>It is rare for a short story to cover the entire span of a person’s life, but this one does that and more. It tells the story of the life of Nwamgba, a woman born in Nigeria in the late Nineteenth Century, who marries a boy even though his family may be cursed by miscarriages. But it is a family with status and so she is allowed to marry into it. There are several miscarriages, but finally she does give birth to a boy. After her husband dies, she is harassed by his cousins into relinquishing his wealth, and in order to protect the interests of her son she enrolls him in the Catholic missionary school. Unfortunately, he takes to that life too well and turns his back on the traditional ways. That hurts Nwamgba, but her son’s wife bears two children, including a girl who, Nwamgba believes, carries the spirit of her dead husband. The girl, known as Grace, comes to her grandmother’s deathbed, and we, the readers, get a glimpse into her future life—she is the headstrong historian of the title (although, in a sense, so is Nwamgba).
The issues touched upon by this story are huge, probably too big for just a short story. We hear about how the Europeans “pacified” Nigerian tribes. We hear about the missionaries turning the people away from their traditions. We hear about Nigerians who adopt Western ways and become insufferable. We hear about strong women asserting themselves, being beating down, and asserting themselves again. (It’s unfortunate, I think, that Nwamgba believes her granddaughter’s spirit is her husband’s since that slightly undercuts what seems to me to be a feminist theme, but not by much.) There’s also slavery, female inheritance, and other traditional issues in addition to the theme of oppression arising from colonialism. There is a lot here.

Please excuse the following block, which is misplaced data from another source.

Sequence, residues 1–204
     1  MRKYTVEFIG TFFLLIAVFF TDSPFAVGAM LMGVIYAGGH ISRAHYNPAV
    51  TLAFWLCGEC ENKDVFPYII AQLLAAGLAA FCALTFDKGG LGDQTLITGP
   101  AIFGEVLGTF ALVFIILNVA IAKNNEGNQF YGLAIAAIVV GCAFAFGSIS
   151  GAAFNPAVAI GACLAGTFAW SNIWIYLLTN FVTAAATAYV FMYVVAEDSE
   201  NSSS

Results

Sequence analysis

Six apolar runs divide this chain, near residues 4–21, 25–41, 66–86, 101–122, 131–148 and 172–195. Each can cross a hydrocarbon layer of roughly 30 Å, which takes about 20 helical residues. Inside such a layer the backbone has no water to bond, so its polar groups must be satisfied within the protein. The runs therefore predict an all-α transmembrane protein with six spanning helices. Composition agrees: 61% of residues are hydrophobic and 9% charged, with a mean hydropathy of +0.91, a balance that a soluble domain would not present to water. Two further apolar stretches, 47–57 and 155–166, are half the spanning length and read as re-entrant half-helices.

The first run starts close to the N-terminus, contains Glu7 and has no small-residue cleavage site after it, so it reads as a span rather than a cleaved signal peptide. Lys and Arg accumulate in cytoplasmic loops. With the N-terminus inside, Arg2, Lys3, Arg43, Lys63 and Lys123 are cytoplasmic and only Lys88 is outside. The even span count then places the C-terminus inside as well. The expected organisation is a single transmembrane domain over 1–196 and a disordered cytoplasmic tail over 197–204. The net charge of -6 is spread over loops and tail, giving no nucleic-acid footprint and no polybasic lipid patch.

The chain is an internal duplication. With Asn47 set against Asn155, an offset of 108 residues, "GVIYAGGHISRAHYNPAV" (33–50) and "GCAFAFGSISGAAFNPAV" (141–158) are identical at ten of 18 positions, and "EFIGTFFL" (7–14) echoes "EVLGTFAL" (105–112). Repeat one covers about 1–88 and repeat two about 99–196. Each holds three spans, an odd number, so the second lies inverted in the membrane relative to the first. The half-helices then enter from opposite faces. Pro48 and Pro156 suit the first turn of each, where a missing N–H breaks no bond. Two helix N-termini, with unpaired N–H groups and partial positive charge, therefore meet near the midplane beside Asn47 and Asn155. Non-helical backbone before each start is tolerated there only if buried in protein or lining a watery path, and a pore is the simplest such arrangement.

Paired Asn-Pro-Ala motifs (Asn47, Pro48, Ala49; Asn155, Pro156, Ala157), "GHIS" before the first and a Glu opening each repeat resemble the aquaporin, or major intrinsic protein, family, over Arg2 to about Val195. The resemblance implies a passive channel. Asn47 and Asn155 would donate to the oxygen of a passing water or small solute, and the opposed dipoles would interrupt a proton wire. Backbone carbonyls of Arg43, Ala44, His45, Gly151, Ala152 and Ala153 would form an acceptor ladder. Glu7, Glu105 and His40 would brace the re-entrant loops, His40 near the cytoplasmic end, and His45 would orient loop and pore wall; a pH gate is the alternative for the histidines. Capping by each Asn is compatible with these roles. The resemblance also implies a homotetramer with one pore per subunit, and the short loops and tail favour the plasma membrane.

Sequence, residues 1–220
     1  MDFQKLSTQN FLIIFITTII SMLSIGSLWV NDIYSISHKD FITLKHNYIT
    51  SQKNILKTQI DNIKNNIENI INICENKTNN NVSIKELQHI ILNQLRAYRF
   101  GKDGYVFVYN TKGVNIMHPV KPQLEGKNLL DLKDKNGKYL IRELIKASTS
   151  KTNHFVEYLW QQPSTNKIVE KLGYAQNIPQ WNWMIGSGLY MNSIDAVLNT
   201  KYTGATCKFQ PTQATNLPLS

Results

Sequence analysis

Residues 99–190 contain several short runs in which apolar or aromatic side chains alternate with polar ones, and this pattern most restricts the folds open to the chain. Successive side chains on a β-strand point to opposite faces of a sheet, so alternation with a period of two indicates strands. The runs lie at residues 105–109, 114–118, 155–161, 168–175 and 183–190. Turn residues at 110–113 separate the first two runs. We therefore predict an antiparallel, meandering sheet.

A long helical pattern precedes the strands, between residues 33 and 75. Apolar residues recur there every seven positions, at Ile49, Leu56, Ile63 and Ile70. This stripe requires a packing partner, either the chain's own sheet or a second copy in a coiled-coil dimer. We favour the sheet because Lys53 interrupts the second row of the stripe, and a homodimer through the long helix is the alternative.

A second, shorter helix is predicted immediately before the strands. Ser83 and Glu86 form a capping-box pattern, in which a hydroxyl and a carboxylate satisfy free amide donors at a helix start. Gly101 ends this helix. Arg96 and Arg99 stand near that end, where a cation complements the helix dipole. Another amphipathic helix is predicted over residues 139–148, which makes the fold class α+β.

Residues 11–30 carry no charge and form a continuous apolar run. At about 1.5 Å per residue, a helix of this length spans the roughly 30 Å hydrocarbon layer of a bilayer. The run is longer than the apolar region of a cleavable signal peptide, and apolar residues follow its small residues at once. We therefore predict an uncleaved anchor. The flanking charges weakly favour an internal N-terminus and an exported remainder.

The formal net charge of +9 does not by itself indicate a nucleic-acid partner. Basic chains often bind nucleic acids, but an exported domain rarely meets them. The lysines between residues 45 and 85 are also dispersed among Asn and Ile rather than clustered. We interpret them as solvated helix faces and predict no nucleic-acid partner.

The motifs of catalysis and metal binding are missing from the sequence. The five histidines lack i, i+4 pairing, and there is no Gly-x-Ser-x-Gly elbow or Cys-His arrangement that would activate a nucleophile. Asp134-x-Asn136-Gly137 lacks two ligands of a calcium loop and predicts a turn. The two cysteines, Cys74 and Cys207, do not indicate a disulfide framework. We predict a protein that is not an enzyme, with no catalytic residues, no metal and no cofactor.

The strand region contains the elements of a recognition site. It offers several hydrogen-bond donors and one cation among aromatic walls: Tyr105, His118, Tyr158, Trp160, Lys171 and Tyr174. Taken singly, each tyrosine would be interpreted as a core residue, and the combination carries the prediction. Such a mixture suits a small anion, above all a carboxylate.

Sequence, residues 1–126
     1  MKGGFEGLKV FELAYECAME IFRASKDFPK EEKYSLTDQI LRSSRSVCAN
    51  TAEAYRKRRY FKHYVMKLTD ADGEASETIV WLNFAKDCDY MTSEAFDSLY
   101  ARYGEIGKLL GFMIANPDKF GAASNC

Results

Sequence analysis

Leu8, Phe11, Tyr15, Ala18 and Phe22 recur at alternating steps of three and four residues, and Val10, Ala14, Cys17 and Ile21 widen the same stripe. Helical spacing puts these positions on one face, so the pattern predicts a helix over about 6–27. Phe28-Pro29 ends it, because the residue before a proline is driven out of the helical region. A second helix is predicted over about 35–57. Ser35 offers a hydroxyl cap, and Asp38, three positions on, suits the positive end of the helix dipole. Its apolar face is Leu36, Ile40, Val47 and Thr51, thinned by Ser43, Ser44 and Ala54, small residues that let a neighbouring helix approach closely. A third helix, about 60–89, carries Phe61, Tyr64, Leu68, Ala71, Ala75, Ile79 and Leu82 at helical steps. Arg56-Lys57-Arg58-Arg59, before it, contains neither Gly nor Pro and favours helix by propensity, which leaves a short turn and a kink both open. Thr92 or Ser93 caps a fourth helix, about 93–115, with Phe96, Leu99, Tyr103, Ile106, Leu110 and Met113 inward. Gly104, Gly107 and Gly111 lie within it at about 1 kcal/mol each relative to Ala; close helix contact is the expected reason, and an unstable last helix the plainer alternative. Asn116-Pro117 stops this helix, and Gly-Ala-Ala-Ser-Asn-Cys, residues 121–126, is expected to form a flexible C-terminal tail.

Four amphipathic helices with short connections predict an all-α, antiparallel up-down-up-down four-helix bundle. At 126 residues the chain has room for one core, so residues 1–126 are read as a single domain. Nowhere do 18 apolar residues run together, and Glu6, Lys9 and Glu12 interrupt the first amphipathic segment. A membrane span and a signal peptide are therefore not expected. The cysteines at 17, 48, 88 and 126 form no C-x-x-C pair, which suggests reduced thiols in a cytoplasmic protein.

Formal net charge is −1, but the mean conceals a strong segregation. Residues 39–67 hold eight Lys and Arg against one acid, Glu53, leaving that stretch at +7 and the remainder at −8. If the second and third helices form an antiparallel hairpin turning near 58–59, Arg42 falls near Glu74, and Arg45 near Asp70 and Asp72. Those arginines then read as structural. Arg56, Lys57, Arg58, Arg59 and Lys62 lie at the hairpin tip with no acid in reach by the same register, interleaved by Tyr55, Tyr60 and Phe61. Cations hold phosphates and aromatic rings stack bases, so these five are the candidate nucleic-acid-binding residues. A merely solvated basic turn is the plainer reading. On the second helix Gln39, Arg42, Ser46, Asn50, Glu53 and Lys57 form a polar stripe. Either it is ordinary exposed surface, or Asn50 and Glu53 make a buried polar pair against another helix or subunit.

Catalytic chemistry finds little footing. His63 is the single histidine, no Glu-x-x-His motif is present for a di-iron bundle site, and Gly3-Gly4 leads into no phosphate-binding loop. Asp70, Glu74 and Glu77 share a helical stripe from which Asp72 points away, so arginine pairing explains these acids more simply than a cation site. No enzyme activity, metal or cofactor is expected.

So let me focus on just one small aspect of the story. Nwamgba makes pottery, but she’s also a story-teller. Her granddaughter thinks of the stories as poetry, but her teachers insist that it is primitive “call and response” and not true poetry. But the entire last section of the story, the flash forward into Grace’s future, is in what might be a form of this primitive style: “It was Grace who . . .” at least twelve times. The effect is stunning and hardly primitive.
This is certainly an early contender for New Yorker Story-of-the-Year honors.
June 23, 2008: “The Headstrong Historian” by Chimamanda Ngozi Adichie
>I enjoy your reviews of the NYker stories. I’m curious to know which ones you’d rank the highest so far since we’re nearing the 6 mo mark.
I’ve tried to keep up the reading, too, but think I’ve missed some.
>I think Adichie can include so much in the story because its surface is like that of a fairy tale–general with occasional specifics. Or maybe I think this because I was reading “Cinderella” the other day.
There is no dialogue except in the middle, in the baptism scene: “Michael, I baptize you in the name of the Father and of the Son and of the Holy Spirit.” That’s a very interesting technique.
>I loved this story.
>The story carries these generations forward from the time of Achebe’s Things Fall Apart, touching on common themes, common names, till you are more and more certain of the connection. At the end, we get the clincher when the grand-daughter, who as read the white administrator’s The Pacification of the Primitive Tribes of Southern Nigeria, her writes a book titled, “Pacifying with Bullets: a reclaimed History of Southern Nigeria.